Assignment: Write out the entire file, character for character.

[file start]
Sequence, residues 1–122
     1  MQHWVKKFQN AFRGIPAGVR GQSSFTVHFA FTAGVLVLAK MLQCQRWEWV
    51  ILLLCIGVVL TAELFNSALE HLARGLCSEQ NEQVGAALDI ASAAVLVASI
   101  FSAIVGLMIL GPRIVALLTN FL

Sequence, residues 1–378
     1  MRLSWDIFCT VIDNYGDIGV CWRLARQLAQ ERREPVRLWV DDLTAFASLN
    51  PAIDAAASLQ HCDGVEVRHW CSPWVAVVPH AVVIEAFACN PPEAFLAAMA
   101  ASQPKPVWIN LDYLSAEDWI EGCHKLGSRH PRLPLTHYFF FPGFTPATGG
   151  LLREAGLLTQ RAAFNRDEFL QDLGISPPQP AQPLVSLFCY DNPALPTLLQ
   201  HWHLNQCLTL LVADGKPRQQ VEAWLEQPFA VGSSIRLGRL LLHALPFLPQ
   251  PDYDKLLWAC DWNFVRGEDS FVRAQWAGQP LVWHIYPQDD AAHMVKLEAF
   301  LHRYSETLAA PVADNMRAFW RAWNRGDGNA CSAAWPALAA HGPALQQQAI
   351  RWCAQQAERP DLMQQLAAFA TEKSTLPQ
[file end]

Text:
Sequence, residues 1–122
     1  MQHWVKKFQN AFRGIPAGVR GQSSFTVHFA FTAGVLVLAK MLQCQRWEWV
    51  ILLLCIGVVL TAELFNSALE HLARGLCSEQ NEQVGAALDI ASAAVLVASI
   101  FSAIVGLMIL GPRIVALLTN FL

Sequence, residues 1–378
     1  MRLSWDIFCT VIDNYGDIGV CWRLARQLAQ ERREPVRLWV DDLTAFASLN
    51  PAIDAAASLQ HCDGVEVRHW CSPWVAVVPH AVVIEAFACN PPEAFLAAMA
   101  ASQPKPVWIN LDYLSAEDWI EGCHKLGSRH PRLPLTHYFF FPGFTPATGG
   151  LLREAGLLTQ RAAFNRDEFL QDLGISPPQP AQPLVSLFCY DNPALPTLLQ
   201  HWHLNQCLTL LVADGKPRQQ VEAWLEQPFA VGSSIRLGRL LLHALPFLPQ
   251  PDYDKLLWAC DWNFVRGEDS FVRAQWAGQP LVWHIYPQDD AAHMVKLEAF
   301  LHRYSETLAA PVADNMRAFW RAWNRGDGNA CSAAWPALAA HGPALQQQAI
   351  RWCAQQAERP DLMQQLAAFA TEKSTLPQ